Blog Action Day: Inequality

Facebookinstagramsocialtile2-300x300October 16 is #Blog #Action #Day, a day in which thousands of bloggers join together to write on an important subject. The subject this year is Inequality. Inequality, meaning unequal covers a myriad of subjects: Social Injustice, basic human rights, the haves and the have nots, healthcare, politics, education,  racism…

Today I am going to write on the inequality in education, which to me a very scary. Scary because of global competition, scary because of lack of innovation and primarily because lack of education leads to poverty. Poverty leads  to ill health, corruption, terrorism and more taxes, as taxpayers continue to pick up the bills for those in need.

The problem is the disparity of education among the lower income. Schools are generally funded by taxes, which means in the wealthier areas, schools get more add that to the many teachers don’t want to work in bad areas. What do you get?

Lower income students have less opportunities to learn, less resources available and more challenges and discrimination.

  • Racial minorities are more likely than white students to be suspended from school, to have less access to rigorous math and science classes, and to be taught by lower-paid teachers with less experience, according to data  by the Department of Education’s Office for Civil Rights.
  • Black students are suspended and expelled at three times the rate of white students. A quarter of high schools with the highest percentage of black and Latino students do not offer any Algebra II courses, while a third of those schools do not have any chemistry classes. Black students are more than four times as likely as white students — and Latino students are twice as likely — to attend schools where one out of every five teachers does not meet all state teaching requirements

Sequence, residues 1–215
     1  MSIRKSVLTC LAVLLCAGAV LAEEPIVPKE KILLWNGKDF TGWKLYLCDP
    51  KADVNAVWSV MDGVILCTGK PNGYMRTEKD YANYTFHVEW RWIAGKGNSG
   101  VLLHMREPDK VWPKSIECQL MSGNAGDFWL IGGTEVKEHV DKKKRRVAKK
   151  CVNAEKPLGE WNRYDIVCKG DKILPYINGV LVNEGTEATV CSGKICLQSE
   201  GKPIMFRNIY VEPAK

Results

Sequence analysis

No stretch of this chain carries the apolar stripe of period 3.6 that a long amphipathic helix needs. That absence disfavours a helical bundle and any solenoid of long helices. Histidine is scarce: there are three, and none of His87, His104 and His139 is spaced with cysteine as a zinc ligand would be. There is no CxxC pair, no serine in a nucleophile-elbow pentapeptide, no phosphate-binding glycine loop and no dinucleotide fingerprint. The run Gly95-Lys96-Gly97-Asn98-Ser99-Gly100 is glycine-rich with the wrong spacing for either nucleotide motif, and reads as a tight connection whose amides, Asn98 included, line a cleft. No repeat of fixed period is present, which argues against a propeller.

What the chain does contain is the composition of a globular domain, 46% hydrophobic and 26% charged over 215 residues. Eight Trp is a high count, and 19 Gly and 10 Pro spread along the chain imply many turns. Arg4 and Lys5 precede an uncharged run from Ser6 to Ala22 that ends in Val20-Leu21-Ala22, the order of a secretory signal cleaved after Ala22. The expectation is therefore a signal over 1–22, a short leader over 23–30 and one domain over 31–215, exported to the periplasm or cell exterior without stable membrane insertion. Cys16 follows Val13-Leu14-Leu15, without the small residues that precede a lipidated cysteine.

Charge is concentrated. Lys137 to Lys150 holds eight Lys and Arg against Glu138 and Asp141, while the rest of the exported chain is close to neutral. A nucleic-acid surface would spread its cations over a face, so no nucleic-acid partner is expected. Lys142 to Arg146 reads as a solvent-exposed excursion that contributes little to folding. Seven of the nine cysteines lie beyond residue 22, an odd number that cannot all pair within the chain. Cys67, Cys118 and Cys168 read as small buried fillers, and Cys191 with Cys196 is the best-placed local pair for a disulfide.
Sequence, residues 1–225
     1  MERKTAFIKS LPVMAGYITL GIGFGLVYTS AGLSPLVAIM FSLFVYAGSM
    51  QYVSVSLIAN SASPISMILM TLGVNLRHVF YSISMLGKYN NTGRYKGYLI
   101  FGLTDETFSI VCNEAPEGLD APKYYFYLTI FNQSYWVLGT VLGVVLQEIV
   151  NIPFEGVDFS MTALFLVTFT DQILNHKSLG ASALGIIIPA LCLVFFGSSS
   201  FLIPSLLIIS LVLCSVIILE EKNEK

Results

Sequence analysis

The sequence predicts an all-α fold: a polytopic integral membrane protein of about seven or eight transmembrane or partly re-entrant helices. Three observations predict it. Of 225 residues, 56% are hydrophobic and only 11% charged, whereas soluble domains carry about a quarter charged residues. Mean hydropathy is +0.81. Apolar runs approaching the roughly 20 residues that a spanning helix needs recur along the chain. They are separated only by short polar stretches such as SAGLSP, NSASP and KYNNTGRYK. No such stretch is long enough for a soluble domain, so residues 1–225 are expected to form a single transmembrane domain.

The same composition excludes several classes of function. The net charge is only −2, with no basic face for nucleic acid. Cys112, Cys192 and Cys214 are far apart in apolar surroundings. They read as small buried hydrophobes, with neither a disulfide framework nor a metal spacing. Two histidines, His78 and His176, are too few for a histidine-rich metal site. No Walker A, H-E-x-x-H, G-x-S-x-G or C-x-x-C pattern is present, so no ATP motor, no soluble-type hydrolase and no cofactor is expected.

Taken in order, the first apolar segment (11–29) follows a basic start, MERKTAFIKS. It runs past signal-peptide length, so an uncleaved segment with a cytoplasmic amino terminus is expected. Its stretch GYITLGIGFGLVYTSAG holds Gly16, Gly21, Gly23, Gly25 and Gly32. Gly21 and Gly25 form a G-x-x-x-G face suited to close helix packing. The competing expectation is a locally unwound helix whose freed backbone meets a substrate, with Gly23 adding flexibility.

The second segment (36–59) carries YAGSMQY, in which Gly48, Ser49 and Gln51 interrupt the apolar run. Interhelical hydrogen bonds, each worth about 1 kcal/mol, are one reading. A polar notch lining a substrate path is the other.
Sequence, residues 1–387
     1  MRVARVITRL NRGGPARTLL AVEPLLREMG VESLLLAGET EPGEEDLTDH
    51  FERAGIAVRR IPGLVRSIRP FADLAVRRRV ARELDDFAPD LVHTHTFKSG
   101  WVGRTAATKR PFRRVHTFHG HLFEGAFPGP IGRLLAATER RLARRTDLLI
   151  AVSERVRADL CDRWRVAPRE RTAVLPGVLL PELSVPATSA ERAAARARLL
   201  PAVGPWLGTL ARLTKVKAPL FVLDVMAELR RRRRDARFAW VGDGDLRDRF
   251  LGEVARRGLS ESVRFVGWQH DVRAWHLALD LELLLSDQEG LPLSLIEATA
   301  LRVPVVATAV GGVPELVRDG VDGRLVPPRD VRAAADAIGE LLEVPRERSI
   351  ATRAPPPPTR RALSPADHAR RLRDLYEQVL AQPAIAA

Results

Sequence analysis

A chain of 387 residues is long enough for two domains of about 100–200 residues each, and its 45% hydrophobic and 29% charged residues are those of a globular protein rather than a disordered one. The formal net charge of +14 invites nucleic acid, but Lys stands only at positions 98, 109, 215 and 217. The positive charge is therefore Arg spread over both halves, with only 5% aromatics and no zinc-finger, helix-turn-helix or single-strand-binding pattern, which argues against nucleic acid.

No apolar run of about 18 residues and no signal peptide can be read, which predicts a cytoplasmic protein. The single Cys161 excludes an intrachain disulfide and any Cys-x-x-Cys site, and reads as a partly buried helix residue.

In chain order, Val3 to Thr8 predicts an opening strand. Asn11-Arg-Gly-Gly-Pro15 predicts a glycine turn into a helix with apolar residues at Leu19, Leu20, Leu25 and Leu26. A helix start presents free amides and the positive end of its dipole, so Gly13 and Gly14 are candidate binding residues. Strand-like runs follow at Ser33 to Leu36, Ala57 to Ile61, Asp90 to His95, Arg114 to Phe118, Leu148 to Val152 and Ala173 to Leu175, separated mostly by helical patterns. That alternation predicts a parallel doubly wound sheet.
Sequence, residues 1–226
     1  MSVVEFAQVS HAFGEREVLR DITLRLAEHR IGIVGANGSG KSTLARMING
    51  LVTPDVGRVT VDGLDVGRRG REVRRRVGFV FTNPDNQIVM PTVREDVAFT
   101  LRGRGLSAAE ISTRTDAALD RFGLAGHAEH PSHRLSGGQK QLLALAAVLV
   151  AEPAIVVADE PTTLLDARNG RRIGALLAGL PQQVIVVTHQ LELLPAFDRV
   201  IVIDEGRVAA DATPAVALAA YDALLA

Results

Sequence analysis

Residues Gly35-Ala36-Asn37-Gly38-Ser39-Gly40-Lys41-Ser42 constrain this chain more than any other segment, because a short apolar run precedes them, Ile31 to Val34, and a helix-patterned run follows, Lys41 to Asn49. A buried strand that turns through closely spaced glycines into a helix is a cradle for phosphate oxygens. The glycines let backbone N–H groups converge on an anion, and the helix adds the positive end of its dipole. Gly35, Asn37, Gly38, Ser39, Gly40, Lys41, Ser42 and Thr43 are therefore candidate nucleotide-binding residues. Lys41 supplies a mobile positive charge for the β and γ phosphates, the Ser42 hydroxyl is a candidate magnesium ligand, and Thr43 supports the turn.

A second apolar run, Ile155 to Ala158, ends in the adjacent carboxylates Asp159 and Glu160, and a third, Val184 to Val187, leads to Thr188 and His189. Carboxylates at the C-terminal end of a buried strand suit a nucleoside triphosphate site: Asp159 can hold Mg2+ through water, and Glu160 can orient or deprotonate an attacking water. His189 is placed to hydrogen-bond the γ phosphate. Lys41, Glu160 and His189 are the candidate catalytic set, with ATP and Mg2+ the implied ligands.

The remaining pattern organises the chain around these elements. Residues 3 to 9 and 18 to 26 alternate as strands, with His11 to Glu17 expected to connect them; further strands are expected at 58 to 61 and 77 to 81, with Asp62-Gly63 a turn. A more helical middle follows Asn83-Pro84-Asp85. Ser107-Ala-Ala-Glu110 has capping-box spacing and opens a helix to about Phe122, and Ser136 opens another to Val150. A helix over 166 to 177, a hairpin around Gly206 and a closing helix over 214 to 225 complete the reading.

• 10 million students in America’s poorest communities are “having their lives unjustly and irredeemably blighted” by an education system that assigns them low-performing teachers, run-down facilities and low academic expectations and opportunities. (Source)
  • A link between college achievement and social mobility for the poorest families. “While there is a 45 percent chance that a child born into a poor family will remain [poor] as an adult, chances of staying poor drops to 16 percent if that child finishes college,” (Source)
  • Dropout rates of 16 to 24-years-old students who come from low income families are seven times more likely to drop out than those from families with higher incomes. (Source)
  • More than 30 million children are growing up in poverty. In one low-income community, there was only one book for every 300 children. You can improve literacy rates by running a competitive book drive for low-income areas.

All of that leads to the following figures  According to a study conducted  by the U.S. Department of Education and the National Institute of Literacy,

  • 32 million adults in the U.S. can’t read. (14% of the population)
  • 21% of adults in the U.S. read below a 5th grade level, and
  • 19% of high school graduates can’t read.

Each of us has the power to change our educational system. We each have voice, we each as part of a one man army can make a difference. The difference is not just in money. Many of us have the time to donate our skills to schools, many of us have resources to donate to under privileged schools. Many of us have job opening or internships to help lead our disadvantaged youth out of their educational quagmire.  

As each of us goes forward, think about what each of us can do to solve inequality on our schools, one kid at a time.

 

 

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